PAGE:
histogram.put(Boolean.FALSE, new AtomicInteger(0));

histogram.put(Boolean.TRUE, new AtomicInteger(0));

return histogram;



The histogram is a map of Booleans to a count for each. The responses hash map pairs question IDs with a histogram for each. The incrementHistogram() method updates the histogram for a given answer. Finally, the convertHistogramIdsToText() method transforms the responses map to a map of question-text-to-histogram.

Unfortunately, convertHistogramIdsToText() presents a testing challenge. Its call to the QuestionController find() method represents an interaction with a slow persistent store. Not only will the test be slow, but it will also require that the underlying database be populated with appropriate question entities. Because of the distance between the database data and the expected data values in the test, the test will be hard to follow and brittle.

Rather than have the code query the controller for the questions, let’s first retrieve the questions, then pass their text as an argument to responsesByQuestion().

First, create a questionText() method whose sole job is to create a map of question-ID-to-question-text for questions referenced by the answers:


public Map<Integer,String> questionText(List<BooleanAnswer> answers) {

Map<Integer,String> questions = new HashMap<>(); -> {

if (!questions.containsKey(answer.getQuestionId()))


controller.find(answer.getQuestionId()).getText()); });

return questions;


Change responsesByQuestion() to take on the question-ID-to-question-text map:


public Map<String, Map<Boolean, AtomicInteger>> responsesByQuestion(


List<BooleanAnswer> answers, Map<Integer,String> questions) {

Map<Integer, Map<Boolean, AtomicInteger>> responses = new HashMap<>(); -> incrementHistogram(responses, answer));


return convertHistogramIdsToText(responses, questions);


responsesByQuestion() then passes the map over to convertHistogramIdsToText():


private Map<String, Map<Boolean, AtomicInteger>> convertHistogramIdsToText(

Map<Integer, Map<Boolean, AtomicInteger>> responses,


Map<Integer,String> questions) {

Map<String, Map<Boolean, AtomicInteger>> textResponses = new HashMap<>();

responses.keySet().stream().forEach(id ->


textResponses.put(questions.get(id), responses.get(id)));

return textResponses;


The code in questionText() still depends on the slow persistent store, but it’s a small fraction of the code we were trying to test. We’ll figure out how to test that later. The code in convertHistogramIdsToText() now depends only on an in-memory hash map, not a lookup to a slow persistent store. We can now easily write a test around the good amount of code involved with responsesByQuestion():



public void responsesByQuestionAnswersCountsByQuestionText() {

StatCompiler stats = new StatCompiler();

List<BooleanAnswer> answers = new ArrayList<>();

answers.add(new BooleanAnswer(1, true));

answers.add(new BooleanAnswer(1, true));

answers.add(new BooleanAnswer(1, true));

answers.add(new BooleanAnswer(1, false));

answers.add(new BooleanAnswer(2, true));

answers.add(new BooleanAnswer(2, true));

Map<Integer,String> questions = new HashMap<>();

questions.put(1, "Tuition reimbursement?");

questions.put(2, "Relocation package?");

Map<String, Map<Boolean,AtomicInteger>> responses =

stats.responsesByQuestion(answers, questions);

assertThat(responses.get("Tuition reimbursement?").

get(Boolean.TRUE).get(), equalTo(3));

assertThat(responses.get("Tuition reimbursement?").

get(Boolean.FALSE).get(), equalTo(1));

assertThat(responses.get("Relocation package?").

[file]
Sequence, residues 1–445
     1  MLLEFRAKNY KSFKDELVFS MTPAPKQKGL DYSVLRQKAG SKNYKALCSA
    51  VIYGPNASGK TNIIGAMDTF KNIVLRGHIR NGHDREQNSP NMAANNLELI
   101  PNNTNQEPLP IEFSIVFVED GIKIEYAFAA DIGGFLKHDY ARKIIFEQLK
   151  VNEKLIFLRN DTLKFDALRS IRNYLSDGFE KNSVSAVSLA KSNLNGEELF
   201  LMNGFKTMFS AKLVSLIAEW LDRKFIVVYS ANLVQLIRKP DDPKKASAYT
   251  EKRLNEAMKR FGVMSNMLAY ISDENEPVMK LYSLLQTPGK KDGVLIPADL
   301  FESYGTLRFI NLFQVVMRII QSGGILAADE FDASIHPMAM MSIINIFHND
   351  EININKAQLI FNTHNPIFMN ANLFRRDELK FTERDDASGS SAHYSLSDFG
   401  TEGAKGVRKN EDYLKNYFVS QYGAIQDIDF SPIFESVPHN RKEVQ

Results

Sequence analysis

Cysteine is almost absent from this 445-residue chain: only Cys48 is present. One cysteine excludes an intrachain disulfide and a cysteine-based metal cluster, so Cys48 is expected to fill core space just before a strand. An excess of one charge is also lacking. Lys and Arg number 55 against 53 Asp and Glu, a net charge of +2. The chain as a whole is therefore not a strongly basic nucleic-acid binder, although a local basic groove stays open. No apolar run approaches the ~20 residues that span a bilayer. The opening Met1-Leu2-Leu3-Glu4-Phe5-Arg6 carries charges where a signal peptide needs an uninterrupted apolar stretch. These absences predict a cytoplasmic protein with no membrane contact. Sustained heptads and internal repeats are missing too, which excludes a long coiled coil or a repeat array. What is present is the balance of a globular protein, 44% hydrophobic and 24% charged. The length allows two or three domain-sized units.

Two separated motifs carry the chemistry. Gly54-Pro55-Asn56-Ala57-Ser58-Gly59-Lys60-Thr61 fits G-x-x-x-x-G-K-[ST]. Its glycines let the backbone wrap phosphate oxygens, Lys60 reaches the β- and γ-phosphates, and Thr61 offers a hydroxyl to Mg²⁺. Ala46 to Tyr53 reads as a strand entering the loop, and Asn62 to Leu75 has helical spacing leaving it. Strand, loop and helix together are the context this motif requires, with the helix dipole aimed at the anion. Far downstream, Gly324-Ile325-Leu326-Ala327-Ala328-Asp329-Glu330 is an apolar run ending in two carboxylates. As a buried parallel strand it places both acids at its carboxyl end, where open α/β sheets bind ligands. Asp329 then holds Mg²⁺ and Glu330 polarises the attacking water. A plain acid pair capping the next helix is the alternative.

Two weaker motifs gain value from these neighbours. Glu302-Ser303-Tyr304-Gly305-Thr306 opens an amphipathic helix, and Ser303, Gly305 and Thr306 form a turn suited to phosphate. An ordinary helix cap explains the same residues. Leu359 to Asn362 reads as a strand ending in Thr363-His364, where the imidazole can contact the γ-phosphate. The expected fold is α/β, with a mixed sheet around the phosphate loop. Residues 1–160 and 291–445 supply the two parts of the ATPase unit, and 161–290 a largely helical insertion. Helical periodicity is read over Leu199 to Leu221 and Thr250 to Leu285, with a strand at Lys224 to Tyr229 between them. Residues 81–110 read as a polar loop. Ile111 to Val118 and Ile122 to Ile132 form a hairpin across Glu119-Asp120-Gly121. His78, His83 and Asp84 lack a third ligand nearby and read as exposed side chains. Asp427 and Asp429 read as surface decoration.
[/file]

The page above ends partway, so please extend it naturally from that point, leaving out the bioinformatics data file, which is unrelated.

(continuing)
get(Boolean.TRUE).get(), equalTo(2));

assertThat(responses.get("Relocation package?").

get(Boolean.FALSE).get(), equalTo(0));


The responsesByQuestionAnswersCountsByQuestionText test is indeed a fast test, just the way we like them. It covers a good amount of interesting logic in responsesByQuestion(), convertHistogramIdsToText(), and incrementHistogram(). We could write a number of interesting tests against the combinations of logic in all three of these methods. By the time we’re done, we could easily write a handful of tests. A handful of fast tests covering more logic will easily outperform a single test dependent on a database call.

Your unit tests will run faster, and you’ll find them easier to write, if you seek to minimize the amount of code that ultimately depends on slow things. Minimizing such dependencies is also a goal of good design—again and again, as here, you’ll find that unit testing gets easier the more you’re willing to align your code with clean object-oriented (OO) design concepts.

We still want to test the logic in questionText(), which still depends on the controller. We’ll learn a technique for how to accomplish that in Chapter 10, Using Mock Objects, and we’ll write the test for questionText() in Testing Databases.

F[I]RST: [I]solate Your Tests

Good unit tests focus on a small chunk of code to verify. That’s in line with our definition of unit. The more code that your test interacts with, directly or indirectly, the more things are likely to go awry.

The code you’re testing might interact with other code that reads from a database. Data dependencies create a whole host of problems. Tests that must ultimately depend on a database require you to ensure that the database has the right data. If your data source is shared, you have to worry about external changes (maybe out of your control) breaking your tests. Don’t forget that other developers are often running their tests at the same time! Simply interacting with an external store increases the likelihood that your test will fail for availability or accessibility reasons.

Good unit tests also don’t depend on other unit tests (or test cases within the same test method). You might think you’re speeding up your tests by carefully crafting their order so that several tests can reuse some of the same expensively constructed data. But you’re simultaneously creating an evil chain of dependencies. When things go wrong—and they will—you’ll spend piles of time figuring out which one thing buried in a long chain of prior events caused your test to fail.